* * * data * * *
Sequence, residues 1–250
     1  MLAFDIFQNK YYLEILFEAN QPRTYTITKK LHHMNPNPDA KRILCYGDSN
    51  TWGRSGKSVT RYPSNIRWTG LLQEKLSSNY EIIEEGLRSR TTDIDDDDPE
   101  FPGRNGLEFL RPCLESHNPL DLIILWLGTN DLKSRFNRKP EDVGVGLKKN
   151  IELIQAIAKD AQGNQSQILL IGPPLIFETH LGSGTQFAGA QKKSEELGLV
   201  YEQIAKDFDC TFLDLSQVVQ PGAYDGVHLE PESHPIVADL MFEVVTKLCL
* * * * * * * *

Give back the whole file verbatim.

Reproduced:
Sequence, residues 1–250
     1  MLAFDIFQNK YYLEILFEAN QPRTYTITKK LHHMNPNPDA KRILCYGDSN
    51  TWGRSGKSVT RYPSNIRWTG LLQEKLSSNY EIIEEGLRSR TTDIDDDDPE
   101  FPGRNGLEFL RPCLESHNPL DLIILWLGTN DLKSRFNRKP EDVGVGLKKN
   151  IELIQAIAKD AQGNQSQILL IGPPLIFETH LGSGTQFAGA QKKSEELGLV
   201  YEQIAKDFDC TFLDLSQVVQ PGAYDGVHLE PESHPIVADL MFEVVTKLCL